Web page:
« WaPo on Virtual Economies | Main | We can know whether we are in a simulation »

Oct 08, 2012

TrackBack

TrackBack URL for this entry:
http://www.typepad.com/services/trackback/6a00d8341c022953ef017d3c9419c5970c

Listed below are links to weblogs that reference More on the Exodus Recession: Technology, Entertainment, and Our Economic Doldrums:

Comments

1.

I guess none of you ever saw a movie or TV over the last 60 years(60,000 years)... other than building weapons to prevent the other guy from having power and using the young as war fodder, we've been nothing but a world hiding in virtuality. Religious myths or Pop culture myths, pick your delusion.

2.

I am not impressed by Robert Samuelson's argument as you summarize it. First, even in a no-growth environment, you can increase the tax base fairly painlessly without more babies or more productivity, just by adjusting how many (productive) people you allow to immigrate.

Second, why do we think technological change leading to growth has slowed? Have we got all the benefits we are going to get from IT? No. Is biotech and/or cybernetics likely to spark another mini-technological revolution? Yes.

3.

I strongly agree with the general trend towards entertainment, or let's add some flavor to it and call it decadence and escapism.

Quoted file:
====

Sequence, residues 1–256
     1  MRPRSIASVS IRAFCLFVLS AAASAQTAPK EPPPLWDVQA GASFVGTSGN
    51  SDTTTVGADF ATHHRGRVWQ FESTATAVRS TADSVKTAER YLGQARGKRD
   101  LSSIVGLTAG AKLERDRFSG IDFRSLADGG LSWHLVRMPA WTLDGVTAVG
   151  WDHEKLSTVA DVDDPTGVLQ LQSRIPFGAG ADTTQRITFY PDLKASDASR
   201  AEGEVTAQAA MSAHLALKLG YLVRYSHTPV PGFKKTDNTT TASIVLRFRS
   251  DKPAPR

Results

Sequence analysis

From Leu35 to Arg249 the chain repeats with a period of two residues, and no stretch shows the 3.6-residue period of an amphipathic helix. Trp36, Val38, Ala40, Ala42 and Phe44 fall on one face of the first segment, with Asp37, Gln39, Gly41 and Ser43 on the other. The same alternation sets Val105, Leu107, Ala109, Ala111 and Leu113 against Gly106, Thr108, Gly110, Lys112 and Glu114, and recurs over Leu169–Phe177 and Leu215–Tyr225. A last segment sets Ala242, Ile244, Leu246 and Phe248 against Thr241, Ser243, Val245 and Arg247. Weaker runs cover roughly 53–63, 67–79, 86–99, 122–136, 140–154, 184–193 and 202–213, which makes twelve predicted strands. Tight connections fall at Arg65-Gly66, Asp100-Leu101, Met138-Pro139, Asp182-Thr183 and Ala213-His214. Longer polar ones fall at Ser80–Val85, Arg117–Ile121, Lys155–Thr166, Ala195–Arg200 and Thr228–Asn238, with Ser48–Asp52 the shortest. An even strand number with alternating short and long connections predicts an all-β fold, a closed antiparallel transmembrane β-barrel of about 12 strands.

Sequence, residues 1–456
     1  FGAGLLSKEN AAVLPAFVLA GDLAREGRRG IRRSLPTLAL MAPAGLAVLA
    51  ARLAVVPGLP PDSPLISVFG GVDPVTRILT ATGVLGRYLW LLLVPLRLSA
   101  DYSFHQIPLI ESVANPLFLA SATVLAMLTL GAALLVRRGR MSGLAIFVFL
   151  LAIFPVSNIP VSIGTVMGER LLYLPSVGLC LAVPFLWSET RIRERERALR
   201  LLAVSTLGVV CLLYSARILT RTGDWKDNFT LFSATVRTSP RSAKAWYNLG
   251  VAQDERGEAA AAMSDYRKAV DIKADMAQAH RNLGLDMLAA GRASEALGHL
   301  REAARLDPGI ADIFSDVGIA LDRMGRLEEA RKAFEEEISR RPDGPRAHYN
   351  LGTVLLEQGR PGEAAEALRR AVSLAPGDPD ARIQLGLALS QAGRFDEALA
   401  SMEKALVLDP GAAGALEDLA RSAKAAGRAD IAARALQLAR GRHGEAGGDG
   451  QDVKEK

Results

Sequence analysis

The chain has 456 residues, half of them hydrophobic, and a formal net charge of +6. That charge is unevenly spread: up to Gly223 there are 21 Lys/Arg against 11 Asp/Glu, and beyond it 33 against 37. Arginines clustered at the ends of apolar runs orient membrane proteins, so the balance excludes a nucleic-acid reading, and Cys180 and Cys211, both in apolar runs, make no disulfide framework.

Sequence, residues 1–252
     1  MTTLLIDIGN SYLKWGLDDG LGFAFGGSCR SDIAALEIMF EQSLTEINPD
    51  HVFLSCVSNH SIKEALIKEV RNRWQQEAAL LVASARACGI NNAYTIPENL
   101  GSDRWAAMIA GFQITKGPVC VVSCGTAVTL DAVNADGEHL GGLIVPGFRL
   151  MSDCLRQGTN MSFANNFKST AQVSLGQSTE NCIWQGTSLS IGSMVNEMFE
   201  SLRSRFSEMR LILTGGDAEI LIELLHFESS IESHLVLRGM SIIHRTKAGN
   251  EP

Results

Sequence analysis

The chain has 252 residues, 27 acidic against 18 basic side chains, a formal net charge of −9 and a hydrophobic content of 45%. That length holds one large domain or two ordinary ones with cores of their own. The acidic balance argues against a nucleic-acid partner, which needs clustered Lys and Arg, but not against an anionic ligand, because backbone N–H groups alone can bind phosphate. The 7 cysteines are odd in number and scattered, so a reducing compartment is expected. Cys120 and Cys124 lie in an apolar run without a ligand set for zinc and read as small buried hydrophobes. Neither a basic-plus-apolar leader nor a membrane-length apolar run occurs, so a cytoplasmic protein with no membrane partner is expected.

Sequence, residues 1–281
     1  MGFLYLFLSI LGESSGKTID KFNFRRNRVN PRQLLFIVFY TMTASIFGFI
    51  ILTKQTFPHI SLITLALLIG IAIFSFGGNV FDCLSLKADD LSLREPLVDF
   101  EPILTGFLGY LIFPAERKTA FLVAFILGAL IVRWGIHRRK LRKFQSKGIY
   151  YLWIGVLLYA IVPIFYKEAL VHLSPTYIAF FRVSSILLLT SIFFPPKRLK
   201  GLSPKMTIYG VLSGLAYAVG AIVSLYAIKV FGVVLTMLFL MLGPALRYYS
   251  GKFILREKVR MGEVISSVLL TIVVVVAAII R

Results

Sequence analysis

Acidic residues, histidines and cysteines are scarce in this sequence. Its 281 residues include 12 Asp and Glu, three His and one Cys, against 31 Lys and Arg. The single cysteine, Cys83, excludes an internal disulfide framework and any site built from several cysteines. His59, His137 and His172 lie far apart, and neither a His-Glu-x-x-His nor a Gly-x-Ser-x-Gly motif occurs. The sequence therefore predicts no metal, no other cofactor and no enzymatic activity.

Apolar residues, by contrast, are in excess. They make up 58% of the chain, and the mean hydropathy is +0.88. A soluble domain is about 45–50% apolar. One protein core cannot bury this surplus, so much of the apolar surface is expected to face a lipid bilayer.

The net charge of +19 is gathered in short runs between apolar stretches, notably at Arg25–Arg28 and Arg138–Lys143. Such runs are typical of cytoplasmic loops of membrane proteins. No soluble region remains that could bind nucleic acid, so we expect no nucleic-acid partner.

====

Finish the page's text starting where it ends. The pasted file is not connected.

Engineers and builders were the heroes of yesteryear and today, we get Kim Kardashian.

4.

the economy sucks! /plays D3 to make my day better

5.

"Gordon sees the Internet, smartphones and tablets as tilted toward entertainment, not labor-saving."

This dichotomy is false. In the 19th century theatre, opera and music hall were much more popular forms of entertainment. A Gilbert and Sullivan opera might see dozens of entertainers working to entertain a couple of hundred people.

In the 21st century we have entertainment items produced by a number of people that is usually smaller than the cast of a G&S opera distributed to millions. And repeatable.

So the amount of work used to provide a comparable "good" is much less. This is perhaps particularly true in video games. How many man-hours did Sid Meier and his team spend on Civilization compared with the number of hours the rest of us spent playing it?

The comments to this entry are closed.